Last Updated March 2024 | This article was created by familydoctor.org editorial staff and reviewed by Peter Rippey, MD, CAQSM

What is endometriosis?

Endometriosis is a medical condition in which the lining of the uterus grows outside the uterus in the belly.

Symptoms of endometriosis

Endometriosis can cause a variety of symptoms including:

  • Heavy menstrual bleeding
  • Severe cramping or pain before and/or during your period
  • Frequent spotting or bleeding between periods
  • Pain while going to the bathroom during your period
  • Pain with sex
  • Pain in your stomach, low back, or rectum
  • Problems with fertility
  • Unexplained exhaustion or lack of energy
  • Digestive or gastrointestinal issues or symptoms

It’s important to recognize red flags when it comes to your period and uterine health.

This Uterine Health Guide is here to help you better understand it all.

What causes endometriosis?

Doctors and researchers do not know the cause of endometriosis. Those with a family history are at higher risk.  Retrograde (backwards) menstrual flow is another possible cause. This is when some of the tissue that is shed during your period flows up instead of out. It ends up in your fallopian tubes and other parts of your pelvis.

Other factors include your body’s response to estrogen and progesterone. If your body resists progesterone, it can have a hard time shedding the uterine lining. Some people have flawed immune systems. This means their bodies don’t destroy all of the lining. The leftover lining then attaches to other tissues outside of your uterus.

How is endometriosis diagnosed?

Endometriosis can be difficult to diagnose.  Your doctor will do a physical and pelvic exam. They also will review your symptoms, health history, and family history.

Laparoscopic surgery confirms the diagnosis. This common procedure allows the doctor to look inside your belly for the uterine tissue. Your doctor will make a small cut in your abdomen. They will use a small, lighted camera to look for patches of endometriosis. Your doctor may send a sample of tissue to the lab.

Can endometriosis be prevented or avoided?

You cannot prevent or avoid endometriosis. Some women have an increased risk for the condition. Factors that increase your risk include:

  • Family history
  • Starting menstruation early (before the age of 11)
  • Short menstrual cycles (27 days or less)
  • Long, heavy periods (7 days or more)
  • Starting menstruation late
  • Low body fat
  • Regular exercise (4 or more hours each week)
  • Pregnancy

Endometriosis treatment

Several types of medicine can treat endometriosis:

  • Over-the-counter medicine can relieve pain and inflammation.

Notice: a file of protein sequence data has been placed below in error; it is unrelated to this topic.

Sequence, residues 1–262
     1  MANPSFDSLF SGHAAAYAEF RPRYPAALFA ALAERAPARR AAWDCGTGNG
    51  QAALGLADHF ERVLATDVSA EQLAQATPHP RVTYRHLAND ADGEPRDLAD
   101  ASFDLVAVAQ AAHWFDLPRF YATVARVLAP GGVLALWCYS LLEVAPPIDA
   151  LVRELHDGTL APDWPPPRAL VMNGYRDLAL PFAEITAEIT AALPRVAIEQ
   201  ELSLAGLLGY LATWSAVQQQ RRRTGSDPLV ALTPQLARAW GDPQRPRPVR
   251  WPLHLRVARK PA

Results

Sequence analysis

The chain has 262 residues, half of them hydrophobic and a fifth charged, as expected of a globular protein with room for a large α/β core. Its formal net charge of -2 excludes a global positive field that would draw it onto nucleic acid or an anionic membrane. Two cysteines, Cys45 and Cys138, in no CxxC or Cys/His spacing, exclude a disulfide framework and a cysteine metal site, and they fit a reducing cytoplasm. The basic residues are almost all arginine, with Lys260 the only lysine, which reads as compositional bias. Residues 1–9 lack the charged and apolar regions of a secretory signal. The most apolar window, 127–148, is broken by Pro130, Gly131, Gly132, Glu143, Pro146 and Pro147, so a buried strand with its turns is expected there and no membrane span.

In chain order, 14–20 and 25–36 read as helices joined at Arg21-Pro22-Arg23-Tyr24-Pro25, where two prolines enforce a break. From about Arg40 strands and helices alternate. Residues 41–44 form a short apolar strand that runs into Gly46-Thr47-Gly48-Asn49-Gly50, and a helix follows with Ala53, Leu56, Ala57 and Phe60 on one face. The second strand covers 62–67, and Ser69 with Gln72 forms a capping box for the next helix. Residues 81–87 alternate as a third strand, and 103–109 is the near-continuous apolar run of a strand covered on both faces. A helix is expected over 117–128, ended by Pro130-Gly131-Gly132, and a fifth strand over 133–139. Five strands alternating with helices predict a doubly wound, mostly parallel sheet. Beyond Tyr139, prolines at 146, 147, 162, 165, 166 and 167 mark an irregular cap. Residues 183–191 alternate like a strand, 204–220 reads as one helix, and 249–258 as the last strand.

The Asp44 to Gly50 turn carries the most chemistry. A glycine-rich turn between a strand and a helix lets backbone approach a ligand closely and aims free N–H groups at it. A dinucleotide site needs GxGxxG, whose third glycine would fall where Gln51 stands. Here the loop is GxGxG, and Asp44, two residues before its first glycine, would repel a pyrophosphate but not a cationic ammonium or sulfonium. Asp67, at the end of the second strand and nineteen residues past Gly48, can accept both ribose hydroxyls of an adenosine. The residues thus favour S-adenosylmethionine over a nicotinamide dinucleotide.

• Birth control pills can regulate your hormones and reduce heavy bleeding.
  • The hormone progestin can manage symptoms over time. It comes in the form of a shot or a pill.
  • Danazol and GnRH analog are hormone shots that stop your periods. This gives your uterus a break from a buildup of tissue. Unfortunately, these shots have side effects similar to menopause, including hot flashes, vaginal dryness, and unwanted facial hair. Taking a daily estrogen pill can reduce these side effects.
  • Aromatase inhibitors, such as exemestane and letrozole, are a newer type of hormonal treatment.

Birth control pills, danazol, and GnRH analogs are taken for 6 to 9 months. During that time, your pain should get better. However, it may come back if you stop taking the medicine.

Your doctor may recommend surgery or a diagnostic laparoscopy. In this procedure, the doctor removes the endometrial tissue that has grown outside of your uterus. As a last resort, your doctor may recommend a hysterectomy. This is the surgical removal of your uterus, and sometimes ovaries.

Living with endometriosis

Endometriosis can make it harder to get pregnant. You may need surgery and/or fertility treatments to help. Talk to your doctor if you plan to become pregnant. Your doctor may advise you to not put it off. The condition can get worse with age, so your chances of getting pregnant lessen over time. Usually, symptoms go away while you’re pregnant. Do not take prescription medicine when you’re trying to get pregnant.

Some studies have suggested that endometriosis may put you at a higher risk of getting ovarian cancer. However, the overall risk is low. Endometriosis often goes away or becomes milder with menopause. Until menopause, medicine and/or surgery may be able to help with symptoms.

Questions to ask your doctor

  • What are the benefits and risks of surgery?
  • What is causing my endometriosis?
  • What can I do to improve my chances of getting pregnant?
  • What is the recovery time for a laparoscopic procedure?
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